Rhetorical Analysis Of Politics And The English Language

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George Orwell is the author of, “Politics and the English Language”, an article in which he attempts to persuade the reader to believe his claim that politics are influencing modern writing, in turn causing lazy and vague writing. Orwell says that, “Political language-...is designed to make lies sound truthful”(539). Essentially, his main point is that the habit of writing fancily for little reason, or with little purpose, is reversible with significant effort. Orwell’s goal is to get his readers to follow an “elementary” set of rules listed near the end of the article. He believes that there can be no good writers that do not follow the rules stated. George Orwell uses a great deal of rhetoric devices in order to make his argument as persuasively as it can…show more content…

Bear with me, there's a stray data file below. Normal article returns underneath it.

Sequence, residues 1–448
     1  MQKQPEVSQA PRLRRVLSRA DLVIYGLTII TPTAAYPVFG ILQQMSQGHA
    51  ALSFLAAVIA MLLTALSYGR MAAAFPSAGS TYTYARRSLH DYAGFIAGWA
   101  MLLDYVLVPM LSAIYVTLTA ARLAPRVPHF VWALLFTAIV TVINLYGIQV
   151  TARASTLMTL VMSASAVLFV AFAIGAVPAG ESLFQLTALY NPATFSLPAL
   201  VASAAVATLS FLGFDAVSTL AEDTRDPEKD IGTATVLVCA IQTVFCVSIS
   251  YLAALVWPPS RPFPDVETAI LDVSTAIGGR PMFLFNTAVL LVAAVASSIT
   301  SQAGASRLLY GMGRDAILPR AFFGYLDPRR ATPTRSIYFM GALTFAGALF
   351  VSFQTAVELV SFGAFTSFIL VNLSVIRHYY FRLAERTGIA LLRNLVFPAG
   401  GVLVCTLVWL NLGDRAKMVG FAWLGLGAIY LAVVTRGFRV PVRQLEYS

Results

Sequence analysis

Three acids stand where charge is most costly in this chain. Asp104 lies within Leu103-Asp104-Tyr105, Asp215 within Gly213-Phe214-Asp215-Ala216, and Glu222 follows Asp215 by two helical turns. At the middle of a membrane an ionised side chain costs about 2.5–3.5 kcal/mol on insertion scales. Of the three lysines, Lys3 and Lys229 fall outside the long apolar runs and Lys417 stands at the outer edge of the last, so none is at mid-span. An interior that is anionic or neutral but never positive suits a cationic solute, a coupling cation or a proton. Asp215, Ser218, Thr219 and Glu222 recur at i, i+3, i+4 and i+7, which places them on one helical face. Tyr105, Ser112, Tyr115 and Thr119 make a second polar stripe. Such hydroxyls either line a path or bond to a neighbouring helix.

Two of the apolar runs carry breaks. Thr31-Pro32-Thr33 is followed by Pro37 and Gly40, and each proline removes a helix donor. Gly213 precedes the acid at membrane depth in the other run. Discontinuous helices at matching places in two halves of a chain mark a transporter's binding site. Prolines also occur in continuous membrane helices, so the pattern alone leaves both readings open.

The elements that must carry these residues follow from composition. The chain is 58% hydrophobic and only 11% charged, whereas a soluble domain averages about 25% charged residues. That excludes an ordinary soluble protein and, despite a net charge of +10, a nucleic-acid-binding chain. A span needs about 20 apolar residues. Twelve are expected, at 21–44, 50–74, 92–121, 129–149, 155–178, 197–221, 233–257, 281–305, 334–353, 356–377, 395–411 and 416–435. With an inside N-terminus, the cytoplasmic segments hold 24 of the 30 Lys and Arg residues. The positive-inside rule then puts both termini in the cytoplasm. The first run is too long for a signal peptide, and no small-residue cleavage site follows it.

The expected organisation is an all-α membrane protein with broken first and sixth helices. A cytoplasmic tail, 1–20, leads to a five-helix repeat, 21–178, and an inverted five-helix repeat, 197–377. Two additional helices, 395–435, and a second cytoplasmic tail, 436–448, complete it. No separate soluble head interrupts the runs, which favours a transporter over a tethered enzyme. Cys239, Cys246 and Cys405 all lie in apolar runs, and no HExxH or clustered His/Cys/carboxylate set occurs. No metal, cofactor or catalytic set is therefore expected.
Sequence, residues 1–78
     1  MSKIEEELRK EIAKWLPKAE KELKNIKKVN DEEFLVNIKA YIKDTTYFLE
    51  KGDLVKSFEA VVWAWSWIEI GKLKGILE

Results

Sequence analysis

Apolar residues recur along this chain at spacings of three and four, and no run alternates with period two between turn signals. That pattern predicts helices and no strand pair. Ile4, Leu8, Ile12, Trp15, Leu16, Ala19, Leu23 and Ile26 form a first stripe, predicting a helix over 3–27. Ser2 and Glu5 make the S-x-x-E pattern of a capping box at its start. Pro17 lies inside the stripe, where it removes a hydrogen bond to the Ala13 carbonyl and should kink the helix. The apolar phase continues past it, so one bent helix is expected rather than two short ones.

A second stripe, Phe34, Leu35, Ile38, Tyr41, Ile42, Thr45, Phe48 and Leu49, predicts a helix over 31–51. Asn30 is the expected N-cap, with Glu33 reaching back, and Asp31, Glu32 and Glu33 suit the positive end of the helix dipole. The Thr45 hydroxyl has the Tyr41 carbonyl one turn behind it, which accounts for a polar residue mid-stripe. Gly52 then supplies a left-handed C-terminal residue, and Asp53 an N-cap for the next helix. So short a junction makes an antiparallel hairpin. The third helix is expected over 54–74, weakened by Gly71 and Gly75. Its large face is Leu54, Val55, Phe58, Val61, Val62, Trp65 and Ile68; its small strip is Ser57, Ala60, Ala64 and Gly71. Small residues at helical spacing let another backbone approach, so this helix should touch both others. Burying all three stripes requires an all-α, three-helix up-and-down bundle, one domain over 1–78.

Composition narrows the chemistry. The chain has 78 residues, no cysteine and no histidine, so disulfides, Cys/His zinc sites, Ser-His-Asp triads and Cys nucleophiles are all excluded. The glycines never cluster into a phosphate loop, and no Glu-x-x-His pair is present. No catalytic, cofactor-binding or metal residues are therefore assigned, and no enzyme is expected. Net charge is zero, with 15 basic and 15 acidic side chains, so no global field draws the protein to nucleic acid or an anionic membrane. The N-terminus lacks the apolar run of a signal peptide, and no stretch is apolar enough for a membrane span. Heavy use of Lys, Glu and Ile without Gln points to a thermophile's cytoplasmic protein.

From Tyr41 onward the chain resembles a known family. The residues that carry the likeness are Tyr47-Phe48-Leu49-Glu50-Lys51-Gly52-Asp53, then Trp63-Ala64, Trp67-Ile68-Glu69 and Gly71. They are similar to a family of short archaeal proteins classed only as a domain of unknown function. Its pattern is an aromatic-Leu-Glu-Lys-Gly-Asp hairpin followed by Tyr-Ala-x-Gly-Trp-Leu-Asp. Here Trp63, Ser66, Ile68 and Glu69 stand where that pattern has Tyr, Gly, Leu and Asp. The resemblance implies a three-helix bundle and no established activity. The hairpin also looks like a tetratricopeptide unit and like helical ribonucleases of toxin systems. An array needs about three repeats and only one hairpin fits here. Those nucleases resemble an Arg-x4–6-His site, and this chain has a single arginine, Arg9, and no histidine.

He even goes as far to translate a passage from Ecclesiastes to the confusion that is modern writing. In translation it becomes more vague and less impactful, with all imagery having been stripped away. These examples are pieces of evidence that persuade the readers through logic and procedural reasoning. For syntax, parallel structure is used by George Orwell in a way to keep readers from getting swept up in sea of his countless examples (seen in Logos) and arguments. There are many examples of this in “Politics and the English Language”. However, one unique use of syntax is seen when Orwell uses a Chiasmus, “But if thought corrupts language, language can also corrupt thought”(537). This simple reversal of a larger idea, makes the impact of the idea much greater. It also draws attention to the phrase itself, causing the reader to take a second look, increasing persuade-ability. Orwell’s disgusted tone pushes the readers towards guilt, therefore using tone and ethos in one fowl sweep. The readers feel responsible as their
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